As a few of you might already know, I have engaged in the hobby of role-playing – the journal type, where: you choose a blogging platform (LiveJournal, Dreamwidth, and InsaneJournal are popular choices), make an account for a character of your creation or your favorite fictional character, join a game or a community, and play out random scenarios or follow a loosely-guided plot in a game as if you were that character. I started off in 2009 with characters mainly from Gundam 00 characters and I eventually branched out with each canon (anime, manga, TV series) I indulged in. I would like to think that I was prolific enough and that it had become my major hobby for a few years.
In April 2015, I quit role-playing – mostly because of dwindling interest and that I had developed other principles and priorities. It was not an easy choice to make, mainly because of the people I have grown fond of, and the superfictional worlds that were being collaboratively built were, admittedly, very addictive. I just ripped the band aid off after going through several stages of denial. A part of me wanted to just keep on gritting my teeth and tough it out, while the other part, the one that I chose, just had to admit that if I’m not making time for role-playing anymore, I might truly not be interested in it anymore!
Almost a year later, I decide to look back a little and think about what I have learned in my time away from the hobby that became a significant part of my adult life.
I confess that I wanted to stay just to please other players, and those who I have become friends with. I confess that I went through a period of bitterness – or grieving – in that I wish I did not have to go through such a choice. I just wish I had more hours to the day, or more days in a week so as I could be crazy and hang out with my friends as we indulge in fiction and fantasy.
But it was in the period following that detachment that I learned how to truly look at myself, and how to stand up for who I am and to love me for me. I have become obsessed writing the make-believe lives of fictional characters that I have forgotten how I would write for myself. I have become so used to putting on these fictional characters and being aware that my playing was up for praise and critique, that I have also become more self-aware of the ideal persona that I projected online. I have become addicted to crafting endings that appealed most to me, that I became depressed when my life was not perfectly wrapped and tied with a pretty little bow.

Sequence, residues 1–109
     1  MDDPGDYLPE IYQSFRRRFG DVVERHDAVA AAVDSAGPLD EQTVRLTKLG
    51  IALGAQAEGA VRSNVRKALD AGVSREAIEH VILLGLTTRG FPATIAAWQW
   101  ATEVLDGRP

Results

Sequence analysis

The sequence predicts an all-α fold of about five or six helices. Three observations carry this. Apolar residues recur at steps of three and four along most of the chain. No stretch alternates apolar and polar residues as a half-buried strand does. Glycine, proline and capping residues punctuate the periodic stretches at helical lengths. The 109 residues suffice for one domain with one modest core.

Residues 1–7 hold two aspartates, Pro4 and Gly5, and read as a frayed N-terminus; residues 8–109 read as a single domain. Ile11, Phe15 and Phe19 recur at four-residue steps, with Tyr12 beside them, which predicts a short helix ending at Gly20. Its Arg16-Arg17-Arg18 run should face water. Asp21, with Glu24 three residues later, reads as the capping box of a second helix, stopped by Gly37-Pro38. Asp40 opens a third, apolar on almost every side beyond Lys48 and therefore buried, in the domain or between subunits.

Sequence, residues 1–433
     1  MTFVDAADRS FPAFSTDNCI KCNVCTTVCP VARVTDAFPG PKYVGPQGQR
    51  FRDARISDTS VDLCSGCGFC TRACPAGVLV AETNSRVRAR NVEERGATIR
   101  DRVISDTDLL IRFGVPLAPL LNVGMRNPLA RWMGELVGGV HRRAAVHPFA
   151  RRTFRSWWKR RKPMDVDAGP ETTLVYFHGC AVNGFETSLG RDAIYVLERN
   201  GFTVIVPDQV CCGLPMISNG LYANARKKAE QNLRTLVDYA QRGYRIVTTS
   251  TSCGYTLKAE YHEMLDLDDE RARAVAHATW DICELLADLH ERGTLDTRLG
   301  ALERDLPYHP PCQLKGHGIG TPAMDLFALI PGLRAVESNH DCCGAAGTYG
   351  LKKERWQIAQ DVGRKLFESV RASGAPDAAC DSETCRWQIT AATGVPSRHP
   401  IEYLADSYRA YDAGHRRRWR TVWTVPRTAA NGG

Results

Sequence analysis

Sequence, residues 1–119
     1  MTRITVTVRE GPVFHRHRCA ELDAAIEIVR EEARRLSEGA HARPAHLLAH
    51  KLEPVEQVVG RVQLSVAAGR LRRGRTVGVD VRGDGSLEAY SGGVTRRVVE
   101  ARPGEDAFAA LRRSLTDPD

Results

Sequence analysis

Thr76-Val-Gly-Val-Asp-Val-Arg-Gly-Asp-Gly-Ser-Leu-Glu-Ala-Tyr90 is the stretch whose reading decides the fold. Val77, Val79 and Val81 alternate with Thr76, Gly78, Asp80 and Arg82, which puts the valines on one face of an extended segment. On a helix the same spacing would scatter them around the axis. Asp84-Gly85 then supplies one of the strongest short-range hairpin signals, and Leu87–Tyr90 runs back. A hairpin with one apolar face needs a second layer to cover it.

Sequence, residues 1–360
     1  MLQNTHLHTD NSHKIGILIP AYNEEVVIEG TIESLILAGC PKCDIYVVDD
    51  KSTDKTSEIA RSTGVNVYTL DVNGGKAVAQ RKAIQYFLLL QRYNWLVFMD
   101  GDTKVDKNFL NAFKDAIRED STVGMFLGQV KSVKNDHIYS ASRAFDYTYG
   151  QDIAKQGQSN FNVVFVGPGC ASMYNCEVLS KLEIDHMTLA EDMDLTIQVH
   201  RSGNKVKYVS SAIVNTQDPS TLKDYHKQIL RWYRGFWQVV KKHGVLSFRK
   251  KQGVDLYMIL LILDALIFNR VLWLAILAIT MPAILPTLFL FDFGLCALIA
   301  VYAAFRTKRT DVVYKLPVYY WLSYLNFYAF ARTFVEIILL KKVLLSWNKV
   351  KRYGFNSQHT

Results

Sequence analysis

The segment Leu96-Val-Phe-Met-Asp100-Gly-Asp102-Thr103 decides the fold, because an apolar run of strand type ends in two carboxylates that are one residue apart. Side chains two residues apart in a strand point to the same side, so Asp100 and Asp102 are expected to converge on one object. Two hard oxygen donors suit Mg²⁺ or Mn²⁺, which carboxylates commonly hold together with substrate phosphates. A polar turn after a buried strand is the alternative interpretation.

I quit role-playing because I realize that I let it affect me too much. I used to preach that detachment is key, but I have yet to practice what I preach. I do get attached, I am impressionable. And it’s because of that I had to distance myself. I had to learn what my own voice is. I had to establish personal principles so that I won’t be so easily upset over the pettiest thing that happens. During the time that followed my quitting role playing – not that role-playing was the primary influence in my personal growth, but – I had to learn my value as a person, properly know my strengths and my weaknesses, and properly anchor my identity.
If I had any regrets during my time role-playing is that I wish I had been kinder. I wish I had been more understanding instead of getting entitlement and the praise of others get to my head. I wish I already knew then what I know now so as I could have valued others and their feelings better. I wish I had known how to be more patient and gracious.
The thing about role-playing is that you are not just committed to a craft – you are committed to your fellow players. You respect their time and their effort in the same manner that they respect yours. You respect them as people who share the same love and passion you have for role-playing. You give them the same courtesy you expect to get. The device screen is deceptive, in that the hobby happening in a virtual space does not mean the person at the other end of the internet is less human than you are.
I wish I had known those better, and put them to practice. To some, it’s a given no-brainer. To me, during that time, I just didn’t know how to deal.
If anything, my adventures in role-playing has taught me many things: I confirmed that indeed, the world is a far bigger place than I have known; that there are things that require grace and sensitivity; that my writing has room to grow; that as a person, I have room to grow; and, now that I have recently returned to Plurk and my blogs, there truly are those who stick around, even if your interests have lead you down a different road.
Now the question is: Will I return to role-playing? For now, I’ll say, “No.” I have no way to predict the future so let’s leave it at that.